Why is -ln x is not equal to 1/ln x? I am doing differential equation now and I need to convert them into the proper form in order to do my homogeneous differential equation. So now I just found out that -ln x is not equal to 1 / ln x. I thought it should be able to convert to ln x to the negative 1 then I can put it into the form 1/ ln x. Can anyone explain about it?

Why is $-\mathrm{ln}x$ is not equal to $1/\mathrm{ln}x$?
I am doing differential equation now and I need to convert them into the proper form in order to do my homogeneous differential equation. So now I just found out that $-\mathrm{ln}x$ is not equal to $1/\mathrm{ln}x$. I thought it should be able to convert to $-\mathrm{ln}x$ to the negative 1 then I can put it into the form $1/\mathrm{ln}x$. Can anyone explain about it?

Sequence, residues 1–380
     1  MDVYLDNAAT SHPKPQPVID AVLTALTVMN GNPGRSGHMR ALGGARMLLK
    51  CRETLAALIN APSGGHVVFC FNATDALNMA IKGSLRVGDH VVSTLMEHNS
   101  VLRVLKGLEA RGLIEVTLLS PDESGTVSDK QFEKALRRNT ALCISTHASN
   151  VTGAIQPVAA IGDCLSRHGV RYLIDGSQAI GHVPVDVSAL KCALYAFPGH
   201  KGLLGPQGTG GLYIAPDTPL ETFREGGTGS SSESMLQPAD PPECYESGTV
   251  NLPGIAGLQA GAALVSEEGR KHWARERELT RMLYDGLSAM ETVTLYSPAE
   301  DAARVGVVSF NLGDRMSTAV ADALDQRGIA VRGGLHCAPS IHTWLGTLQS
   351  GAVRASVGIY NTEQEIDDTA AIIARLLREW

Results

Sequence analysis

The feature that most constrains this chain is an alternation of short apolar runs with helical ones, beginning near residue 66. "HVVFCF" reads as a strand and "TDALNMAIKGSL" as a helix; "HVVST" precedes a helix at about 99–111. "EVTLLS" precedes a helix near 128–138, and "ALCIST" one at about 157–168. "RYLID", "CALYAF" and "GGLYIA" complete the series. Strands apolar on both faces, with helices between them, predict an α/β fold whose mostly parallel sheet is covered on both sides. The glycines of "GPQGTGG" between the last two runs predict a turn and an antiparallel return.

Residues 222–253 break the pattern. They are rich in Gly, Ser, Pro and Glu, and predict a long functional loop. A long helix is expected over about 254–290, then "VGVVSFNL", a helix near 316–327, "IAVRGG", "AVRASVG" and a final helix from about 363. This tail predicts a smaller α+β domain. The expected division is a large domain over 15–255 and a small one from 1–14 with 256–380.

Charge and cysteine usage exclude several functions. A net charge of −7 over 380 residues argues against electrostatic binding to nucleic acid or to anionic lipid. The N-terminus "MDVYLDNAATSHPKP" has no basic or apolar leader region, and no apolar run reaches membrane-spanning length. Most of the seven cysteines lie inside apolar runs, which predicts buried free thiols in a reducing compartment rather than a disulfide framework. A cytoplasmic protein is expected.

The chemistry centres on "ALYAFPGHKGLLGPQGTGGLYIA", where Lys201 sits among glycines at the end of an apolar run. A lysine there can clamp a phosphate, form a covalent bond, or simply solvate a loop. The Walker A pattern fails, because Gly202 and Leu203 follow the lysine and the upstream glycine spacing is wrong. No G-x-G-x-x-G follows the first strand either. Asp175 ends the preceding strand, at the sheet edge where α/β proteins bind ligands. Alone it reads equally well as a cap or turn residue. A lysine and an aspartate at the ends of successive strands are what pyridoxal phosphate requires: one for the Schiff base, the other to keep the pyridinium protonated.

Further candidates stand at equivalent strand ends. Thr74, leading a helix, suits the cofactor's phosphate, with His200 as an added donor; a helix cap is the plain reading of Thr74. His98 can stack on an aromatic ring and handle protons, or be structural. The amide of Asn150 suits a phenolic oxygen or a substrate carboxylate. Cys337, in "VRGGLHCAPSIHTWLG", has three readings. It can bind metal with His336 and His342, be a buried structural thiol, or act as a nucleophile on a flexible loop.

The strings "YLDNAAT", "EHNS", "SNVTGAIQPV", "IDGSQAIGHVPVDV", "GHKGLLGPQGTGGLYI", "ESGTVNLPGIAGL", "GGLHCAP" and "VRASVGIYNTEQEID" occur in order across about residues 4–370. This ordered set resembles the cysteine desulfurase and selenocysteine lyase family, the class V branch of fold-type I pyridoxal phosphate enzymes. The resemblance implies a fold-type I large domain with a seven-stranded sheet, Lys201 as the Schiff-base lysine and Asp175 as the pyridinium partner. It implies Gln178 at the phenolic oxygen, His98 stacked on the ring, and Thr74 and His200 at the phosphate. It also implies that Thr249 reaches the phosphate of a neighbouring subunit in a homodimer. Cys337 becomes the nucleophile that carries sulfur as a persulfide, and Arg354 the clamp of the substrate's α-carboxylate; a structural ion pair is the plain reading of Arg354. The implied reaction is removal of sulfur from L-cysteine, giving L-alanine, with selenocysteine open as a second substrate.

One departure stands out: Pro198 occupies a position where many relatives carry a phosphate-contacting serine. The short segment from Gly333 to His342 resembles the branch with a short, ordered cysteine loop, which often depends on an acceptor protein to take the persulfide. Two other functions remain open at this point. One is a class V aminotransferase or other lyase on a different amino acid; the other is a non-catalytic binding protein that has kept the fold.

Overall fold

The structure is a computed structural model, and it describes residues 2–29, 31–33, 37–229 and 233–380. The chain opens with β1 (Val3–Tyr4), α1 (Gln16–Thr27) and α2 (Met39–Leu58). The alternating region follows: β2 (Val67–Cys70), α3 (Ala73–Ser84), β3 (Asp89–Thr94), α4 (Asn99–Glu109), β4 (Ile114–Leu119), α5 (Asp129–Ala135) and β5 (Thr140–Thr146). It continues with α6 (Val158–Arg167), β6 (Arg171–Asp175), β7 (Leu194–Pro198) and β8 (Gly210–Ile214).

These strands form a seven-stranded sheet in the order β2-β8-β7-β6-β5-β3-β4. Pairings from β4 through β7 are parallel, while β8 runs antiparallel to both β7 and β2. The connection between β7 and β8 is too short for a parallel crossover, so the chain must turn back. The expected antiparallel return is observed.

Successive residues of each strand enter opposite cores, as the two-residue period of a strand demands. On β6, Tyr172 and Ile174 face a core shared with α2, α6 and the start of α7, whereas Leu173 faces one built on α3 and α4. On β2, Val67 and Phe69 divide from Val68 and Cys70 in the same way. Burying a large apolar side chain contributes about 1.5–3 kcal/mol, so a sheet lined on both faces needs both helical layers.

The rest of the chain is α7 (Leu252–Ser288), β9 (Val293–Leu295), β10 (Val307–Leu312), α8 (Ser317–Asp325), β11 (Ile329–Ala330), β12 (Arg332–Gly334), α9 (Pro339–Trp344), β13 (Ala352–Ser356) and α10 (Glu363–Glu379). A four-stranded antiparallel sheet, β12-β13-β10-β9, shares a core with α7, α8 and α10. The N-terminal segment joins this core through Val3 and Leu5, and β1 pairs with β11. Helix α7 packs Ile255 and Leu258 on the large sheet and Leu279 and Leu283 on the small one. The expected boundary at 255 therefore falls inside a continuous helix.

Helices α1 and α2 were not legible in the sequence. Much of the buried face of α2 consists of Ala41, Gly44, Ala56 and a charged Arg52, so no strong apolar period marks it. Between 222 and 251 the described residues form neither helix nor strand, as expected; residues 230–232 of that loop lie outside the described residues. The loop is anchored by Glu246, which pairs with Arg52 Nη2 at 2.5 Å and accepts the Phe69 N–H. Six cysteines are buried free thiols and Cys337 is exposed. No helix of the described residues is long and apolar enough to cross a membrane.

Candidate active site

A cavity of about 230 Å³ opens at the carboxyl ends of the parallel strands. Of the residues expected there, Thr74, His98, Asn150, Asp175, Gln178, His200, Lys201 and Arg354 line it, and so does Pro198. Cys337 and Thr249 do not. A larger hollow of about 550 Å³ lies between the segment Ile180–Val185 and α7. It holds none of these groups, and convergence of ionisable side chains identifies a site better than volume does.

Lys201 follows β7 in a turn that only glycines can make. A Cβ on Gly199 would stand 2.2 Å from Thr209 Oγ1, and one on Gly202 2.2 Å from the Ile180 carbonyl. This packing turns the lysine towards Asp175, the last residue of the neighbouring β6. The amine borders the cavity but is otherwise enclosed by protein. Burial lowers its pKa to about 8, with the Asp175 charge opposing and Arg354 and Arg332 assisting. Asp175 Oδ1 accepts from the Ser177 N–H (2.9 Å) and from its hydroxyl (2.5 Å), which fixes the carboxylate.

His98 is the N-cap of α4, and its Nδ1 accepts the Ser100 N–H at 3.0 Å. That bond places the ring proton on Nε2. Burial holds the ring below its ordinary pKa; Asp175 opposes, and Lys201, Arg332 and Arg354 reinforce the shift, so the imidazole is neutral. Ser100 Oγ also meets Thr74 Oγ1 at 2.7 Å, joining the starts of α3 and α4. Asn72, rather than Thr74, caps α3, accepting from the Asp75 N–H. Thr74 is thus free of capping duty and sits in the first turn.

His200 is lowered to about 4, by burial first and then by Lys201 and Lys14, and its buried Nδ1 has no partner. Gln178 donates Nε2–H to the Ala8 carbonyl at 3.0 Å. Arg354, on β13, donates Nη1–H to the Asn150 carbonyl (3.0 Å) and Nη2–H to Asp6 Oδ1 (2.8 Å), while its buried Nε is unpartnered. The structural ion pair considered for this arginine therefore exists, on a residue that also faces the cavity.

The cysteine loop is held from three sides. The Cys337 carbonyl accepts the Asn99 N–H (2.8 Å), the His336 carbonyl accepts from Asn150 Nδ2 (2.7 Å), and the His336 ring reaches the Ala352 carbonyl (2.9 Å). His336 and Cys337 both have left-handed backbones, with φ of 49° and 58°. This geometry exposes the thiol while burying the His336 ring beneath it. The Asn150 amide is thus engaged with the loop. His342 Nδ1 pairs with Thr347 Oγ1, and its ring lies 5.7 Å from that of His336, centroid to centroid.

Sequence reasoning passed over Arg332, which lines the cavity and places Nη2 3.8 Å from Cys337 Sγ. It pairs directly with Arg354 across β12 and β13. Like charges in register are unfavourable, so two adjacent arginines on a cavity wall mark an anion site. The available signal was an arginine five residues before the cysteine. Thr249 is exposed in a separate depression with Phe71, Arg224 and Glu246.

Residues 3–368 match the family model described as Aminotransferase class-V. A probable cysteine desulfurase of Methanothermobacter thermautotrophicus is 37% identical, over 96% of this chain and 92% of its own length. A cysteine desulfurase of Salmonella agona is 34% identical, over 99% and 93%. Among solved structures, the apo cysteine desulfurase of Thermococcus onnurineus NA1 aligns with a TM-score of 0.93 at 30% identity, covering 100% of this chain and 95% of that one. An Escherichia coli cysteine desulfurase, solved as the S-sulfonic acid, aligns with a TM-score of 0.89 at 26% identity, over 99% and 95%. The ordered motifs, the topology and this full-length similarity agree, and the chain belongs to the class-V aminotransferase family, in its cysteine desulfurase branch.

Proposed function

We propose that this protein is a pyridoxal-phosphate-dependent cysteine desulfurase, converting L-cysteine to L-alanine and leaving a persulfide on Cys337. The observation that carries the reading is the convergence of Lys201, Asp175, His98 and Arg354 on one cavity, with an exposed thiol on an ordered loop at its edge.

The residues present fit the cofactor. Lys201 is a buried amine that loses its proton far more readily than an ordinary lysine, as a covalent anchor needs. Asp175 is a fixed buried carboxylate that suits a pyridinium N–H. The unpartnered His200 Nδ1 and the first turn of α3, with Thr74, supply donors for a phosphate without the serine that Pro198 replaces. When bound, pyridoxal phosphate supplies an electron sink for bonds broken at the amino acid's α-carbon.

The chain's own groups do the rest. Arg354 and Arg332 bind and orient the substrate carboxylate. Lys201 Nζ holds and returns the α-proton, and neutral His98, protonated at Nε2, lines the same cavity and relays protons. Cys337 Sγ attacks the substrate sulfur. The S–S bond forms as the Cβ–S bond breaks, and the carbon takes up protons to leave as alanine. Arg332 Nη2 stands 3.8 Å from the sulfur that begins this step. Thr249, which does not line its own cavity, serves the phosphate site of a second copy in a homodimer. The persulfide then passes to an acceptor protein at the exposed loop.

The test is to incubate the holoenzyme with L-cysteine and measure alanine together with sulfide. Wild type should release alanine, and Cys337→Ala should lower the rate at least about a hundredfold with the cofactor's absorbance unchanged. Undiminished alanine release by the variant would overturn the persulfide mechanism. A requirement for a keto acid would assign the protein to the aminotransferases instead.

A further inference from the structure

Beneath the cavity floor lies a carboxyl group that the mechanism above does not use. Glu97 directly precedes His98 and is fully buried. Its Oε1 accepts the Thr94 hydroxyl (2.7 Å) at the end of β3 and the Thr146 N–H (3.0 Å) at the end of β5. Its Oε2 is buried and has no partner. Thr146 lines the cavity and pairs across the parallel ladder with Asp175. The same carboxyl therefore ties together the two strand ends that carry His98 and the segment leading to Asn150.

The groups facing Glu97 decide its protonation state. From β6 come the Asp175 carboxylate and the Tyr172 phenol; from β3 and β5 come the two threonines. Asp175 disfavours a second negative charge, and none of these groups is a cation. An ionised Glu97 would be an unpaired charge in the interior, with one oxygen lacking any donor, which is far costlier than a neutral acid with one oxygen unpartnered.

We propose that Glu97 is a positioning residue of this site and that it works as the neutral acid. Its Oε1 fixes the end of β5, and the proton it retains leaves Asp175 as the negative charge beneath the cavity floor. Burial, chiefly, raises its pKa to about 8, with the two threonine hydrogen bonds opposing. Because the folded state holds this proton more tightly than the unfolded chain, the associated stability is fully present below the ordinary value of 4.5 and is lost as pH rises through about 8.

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plomet6a
Why is $-\mathrm{ln}\left(x\right)$ is not equal to $\frac{1}{\mathrm{ln}\left(x\right)}$?
Because and is not equal to
In general, for most of the functions $f\left(x\right)$ we don't have $f\left(\frac{1}{x}\right)=\frac{1}{f\left(x\right)}$